Bacteria use hydrogen, carbon dioxide to produce electricity

May 20, 2013

Researchers have engineered a strain of electricity-producing bacteria that can grow using hydrogen gas as its sole electron donor and carbon dioxide as its sole source of carbon. Researchers at the University of Massachusetts, Amherst report their findings at the 113th General Meeting of the American Society for Microbiology.

"This represents the first result of current production solely on hydrogen," says Amit Kumar, a researcher on the study who, along with his co-authors are part of the Lovley Lab Group at the university.

Under the leadership of Derek Lovley the lab group has been studying Geobacter bacteria since Lovley first isolated Geobacter metallireducens in sand sediment from the Potomac River in 1987. Geobacter species are of interest because of their , bioenergy potential, novel electron transfer capabilities, the ability to transfer electrons outside the cell and transport these electrons over long distances via conductive filaments known as microbial nanowires.

Kumar and his colleagues studied a relative of G. metallireducens called Geobacter sulfurreducens, which has the ability to produce electricity by reducing compounds with a graphite electrode like or gold to serve as the sole electron acceptor. They genetically engineered a strain of the bacteria that did not need organic carbon to grow in a microbial fuel cell.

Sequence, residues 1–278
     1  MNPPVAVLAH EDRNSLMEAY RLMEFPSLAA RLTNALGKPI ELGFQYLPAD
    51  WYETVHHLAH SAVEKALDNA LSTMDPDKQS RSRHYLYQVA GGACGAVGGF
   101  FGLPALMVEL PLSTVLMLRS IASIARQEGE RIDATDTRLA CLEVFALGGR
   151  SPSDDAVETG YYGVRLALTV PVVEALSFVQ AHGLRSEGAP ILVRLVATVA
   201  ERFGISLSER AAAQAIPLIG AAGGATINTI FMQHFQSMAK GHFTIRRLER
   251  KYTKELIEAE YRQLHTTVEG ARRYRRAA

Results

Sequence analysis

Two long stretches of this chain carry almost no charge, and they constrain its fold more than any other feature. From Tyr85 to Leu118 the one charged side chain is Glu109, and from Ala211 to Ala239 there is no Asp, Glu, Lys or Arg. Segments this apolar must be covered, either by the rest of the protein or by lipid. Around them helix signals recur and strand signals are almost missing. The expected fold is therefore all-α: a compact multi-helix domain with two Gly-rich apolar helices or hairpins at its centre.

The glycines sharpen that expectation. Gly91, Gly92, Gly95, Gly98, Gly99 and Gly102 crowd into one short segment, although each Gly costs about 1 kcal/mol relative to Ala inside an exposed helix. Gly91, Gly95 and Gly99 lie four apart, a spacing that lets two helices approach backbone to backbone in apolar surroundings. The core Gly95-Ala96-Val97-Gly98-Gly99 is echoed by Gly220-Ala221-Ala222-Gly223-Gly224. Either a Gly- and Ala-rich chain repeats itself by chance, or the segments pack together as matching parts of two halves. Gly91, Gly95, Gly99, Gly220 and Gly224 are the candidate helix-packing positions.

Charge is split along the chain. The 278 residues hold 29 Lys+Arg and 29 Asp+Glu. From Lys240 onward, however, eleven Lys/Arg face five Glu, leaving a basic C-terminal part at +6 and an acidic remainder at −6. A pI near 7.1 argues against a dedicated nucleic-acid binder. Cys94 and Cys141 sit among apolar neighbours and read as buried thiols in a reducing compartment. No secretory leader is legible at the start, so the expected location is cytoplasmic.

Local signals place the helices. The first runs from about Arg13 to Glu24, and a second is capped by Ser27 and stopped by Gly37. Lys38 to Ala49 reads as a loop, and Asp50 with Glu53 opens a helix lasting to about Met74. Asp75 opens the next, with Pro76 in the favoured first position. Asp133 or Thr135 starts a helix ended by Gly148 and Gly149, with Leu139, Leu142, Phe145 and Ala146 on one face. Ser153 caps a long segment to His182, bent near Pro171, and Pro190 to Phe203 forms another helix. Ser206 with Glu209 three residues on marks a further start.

"The adapted strain readily produced electrical current in with as the sole electron donor and no organic carbon source," says Kumar, who notes that when the hydrogen supply to the microbial fuel cell was intermittently stopped electrical current dropped significantly and cells attached to the electrodes did not generate any significant current.

Explore further: Ambitious EU targets for renewable energies make economic sense

Related Stories

Making more efficient fuel cells

Sep 07, 2009

Bacteria that generate significant amounts of electricity could be used in microbial fuel cells to provide power in remote environments or to convert waste to electricity. Professor Derek Lovley from the University of Massachusetts, ...

Recommended for you

Should the Japanese give nuclear power another chance?

Oct 24, 2014

On September 9, 2014, the Japan Times reported an increasing number of suicides coming from the survivors of the March 2011 disaster. In Minami Soma Hospital, which is located 23 km away from the power plant, ...

UK wind power share shows record rise

Oct 24, 2014

The United Kingdom wind power production has been enjoying an upward trajectory, and on Tuesday wind power achieved a significant energy production milestone, reported Brooks Hays for UPI. High winds from Hurricane Gonzalo were the force behind wind turbines outproducing nuclear power ...

Global boom in hydropower expected this decade

Oct 24, 2014

An unprecedented boom in hydropower dam construction is underway, primarily in developing countries and emerging economies. While this is expected to double the global electricity production from hydropower, it could reduce ...

User comments : 0